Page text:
In 2003, following an incredible and happy pregnancy, I gave birth to my first son, Jake. I was 30 years old when he was born and had waited a long time to have him. I have always been a positive, upbeat person ready for whatever life throws at me. However, I was completely blindsided by my state of mind and emotions after the birth of the baby. Nobody really talks about this — there is a stigma associated with being “anything but happy” following the birth of a new baby. Others cannot understand why you “are behaving this way”. . . but you can provide no answer because you don’t understand it yourself. Some women have felt this way before, but some will experience this for the first time following delivery OR in connection with pregnancy-related hormonal shifts. It is just as frightening and debilitating regardless of when it occurs.
“My sleep deprivation was severe — about 4-5 hours of interrupted sleep during a five-day period. Is it any wonder a body and brain start to shut down or go “haywire” with that kind of neglect?”
I could not have been more happy when my son arrived healthy and smiling. But I soon began to feel overwhelmed by this new role, knowing that my life would never be the same again. Within ten days of delivery, I began to feel completely exhausted and out of control. My sleep deprivation was severe — about 4-5 hours of interrupted sleep during a five-day period. Is it any wonder a body and brain start to shut down or go “haywire” with that kind of neglect? I can see that now, but at the time, I felt like a robot going through the motions unable to understand why I felt this way. Things were bad enough that I sought help. I suffered from postpartum obsessive compulsive disorder, depressive symptoms, and atypical psychosis. I had no history of problems with depression and had never experienced hallucinations before. It was a scary experience, and I will never underestimate the value of a good night’s sleep again.
My postpartum episode was the most transforming experience of my life so far. I learned some valuable things about me and about life. . . I learned to ask for and accept help . . . I learned that our brain and physiology can behave in bizarre ways that reflect a biological imbalance beyond our control. . . I learned that none of us know what combination of stress and life events will drive us to a “scary place” of not being able to control thoughts and feelings.
As a counselor by profession (LMSW), I understood the broad range of human affect and mood that a person can go through. It’s one thing to read about it and treat others . . . quite another to live it yourself and feel so helpless despite everything you know and have learned. When your body is in a state of imbalance, it is not a reflection of you or anything you have done wrong. Despite everything we know, the brain and body will do what it pleases sometimes. If you had a headache, you’d take a Tylenol. If you had diabetes, you might use insulin. You wouldn’t think twice about doing those things to care for yourself, so why should you if your brain is producing more or less of a particular neurochemical than it should be? At one point, that finally made sense to me. I knew I just wanted to feel like my “normal” self again (whatever that is).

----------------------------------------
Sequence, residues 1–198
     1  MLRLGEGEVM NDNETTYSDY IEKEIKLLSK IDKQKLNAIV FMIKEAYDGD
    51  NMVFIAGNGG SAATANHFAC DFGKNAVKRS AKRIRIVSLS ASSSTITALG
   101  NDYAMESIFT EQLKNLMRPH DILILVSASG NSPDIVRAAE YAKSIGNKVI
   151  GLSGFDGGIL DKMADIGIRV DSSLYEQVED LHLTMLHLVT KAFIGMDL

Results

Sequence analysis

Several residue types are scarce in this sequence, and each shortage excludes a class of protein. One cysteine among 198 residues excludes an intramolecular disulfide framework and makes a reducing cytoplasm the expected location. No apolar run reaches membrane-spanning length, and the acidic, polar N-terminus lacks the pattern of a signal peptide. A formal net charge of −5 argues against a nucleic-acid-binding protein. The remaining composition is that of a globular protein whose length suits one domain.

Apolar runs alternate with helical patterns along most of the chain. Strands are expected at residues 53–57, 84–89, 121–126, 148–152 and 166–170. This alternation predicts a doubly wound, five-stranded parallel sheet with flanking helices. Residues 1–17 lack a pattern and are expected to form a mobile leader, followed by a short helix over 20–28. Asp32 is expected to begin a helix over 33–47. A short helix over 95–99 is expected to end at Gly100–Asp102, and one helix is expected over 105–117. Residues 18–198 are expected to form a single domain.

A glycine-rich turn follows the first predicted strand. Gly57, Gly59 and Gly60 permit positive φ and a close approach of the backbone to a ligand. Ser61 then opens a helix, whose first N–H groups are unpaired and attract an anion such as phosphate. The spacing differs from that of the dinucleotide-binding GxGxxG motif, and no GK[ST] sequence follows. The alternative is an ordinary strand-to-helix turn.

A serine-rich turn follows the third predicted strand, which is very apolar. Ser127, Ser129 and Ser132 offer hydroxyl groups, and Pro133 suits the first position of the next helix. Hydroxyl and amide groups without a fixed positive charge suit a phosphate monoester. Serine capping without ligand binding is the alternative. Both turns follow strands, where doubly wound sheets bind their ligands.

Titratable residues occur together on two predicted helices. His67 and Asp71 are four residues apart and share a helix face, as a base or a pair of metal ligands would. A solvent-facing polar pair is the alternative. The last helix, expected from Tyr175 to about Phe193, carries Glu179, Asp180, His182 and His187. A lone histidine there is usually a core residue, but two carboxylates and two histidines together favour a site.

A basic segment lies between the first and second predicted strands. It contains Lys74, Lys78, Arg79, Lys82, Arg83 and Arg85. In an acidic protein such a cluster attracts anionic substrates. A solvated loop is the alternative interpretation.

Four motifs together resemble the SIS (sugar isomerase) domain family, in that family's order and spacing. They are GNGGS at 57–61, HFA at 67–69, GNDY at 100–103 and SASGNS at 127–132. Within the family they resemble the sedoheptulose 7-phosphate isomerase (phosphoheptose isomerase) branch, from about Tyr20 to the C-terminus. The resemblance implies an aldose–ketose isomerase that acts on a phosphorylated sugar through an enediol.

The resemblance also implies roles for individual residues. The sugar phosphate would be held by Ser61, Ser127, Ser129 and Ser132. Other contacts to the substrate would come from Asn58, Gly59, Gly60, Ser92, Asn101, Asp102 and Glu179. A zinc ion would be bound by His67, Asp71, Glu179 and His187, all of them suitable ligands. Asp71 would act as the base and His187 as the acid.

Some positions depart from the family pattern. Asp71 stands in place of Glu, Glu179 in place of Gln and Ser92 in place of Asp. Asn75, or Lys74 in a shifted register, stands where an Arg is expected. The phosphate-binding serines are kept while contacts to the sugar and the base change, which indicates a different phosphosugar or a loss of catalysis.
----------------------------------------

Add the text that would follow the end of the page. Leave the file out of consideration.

Seeking help is a strength and not a weakness — we are better women and moms when we take care of ourselves. You do not have to suffer alone. Your instincts are usually on target and become very clear if you tune out messages from society or others about what you “should” do or how you “must behave”. Just talking to someone who isn’t judging of you or what you are going through is very important. Remember that you know better than anyone how you are feeling right now and you have the right to seek help if you need it.
In 2003, I looked for a postpartum support group but found nothing. I vowed that this lack of support would change one day — especially for a city as large as Wichita. Some time later, I connected with Meeka (PPRC’s founder) and other PPRC volunteers. We now have a support group in place in Wichita and other exciting outreach efforts taking place. Never underestimate what a group of committed women can do when they share a common goal.
Support from other caring women and friends was a big part of my healing. I didn’t feel as alone in my experience and adjustment to becoming a parent. I am amazed at how many women I have talked to since then who have experienced difficult postpartum mood changes — women who appeared so strong and “all together” while inside they carried an enormous burden. There is great comfort in coming together to support one another — we don’t do that often enough. I have had the blessing of connecting with other PPRC volunteers and have developed authentic and lasting friendships over time.
Remember that you are not alone . . . you are not to blame . . . and you will feel better. You will start to see a light at the end of the tunnel. Seeking help can make this happen sooner versus later. For me personally, taking the first step was difficult, but once I did, the path unfolded before me with more support than I ever imagined.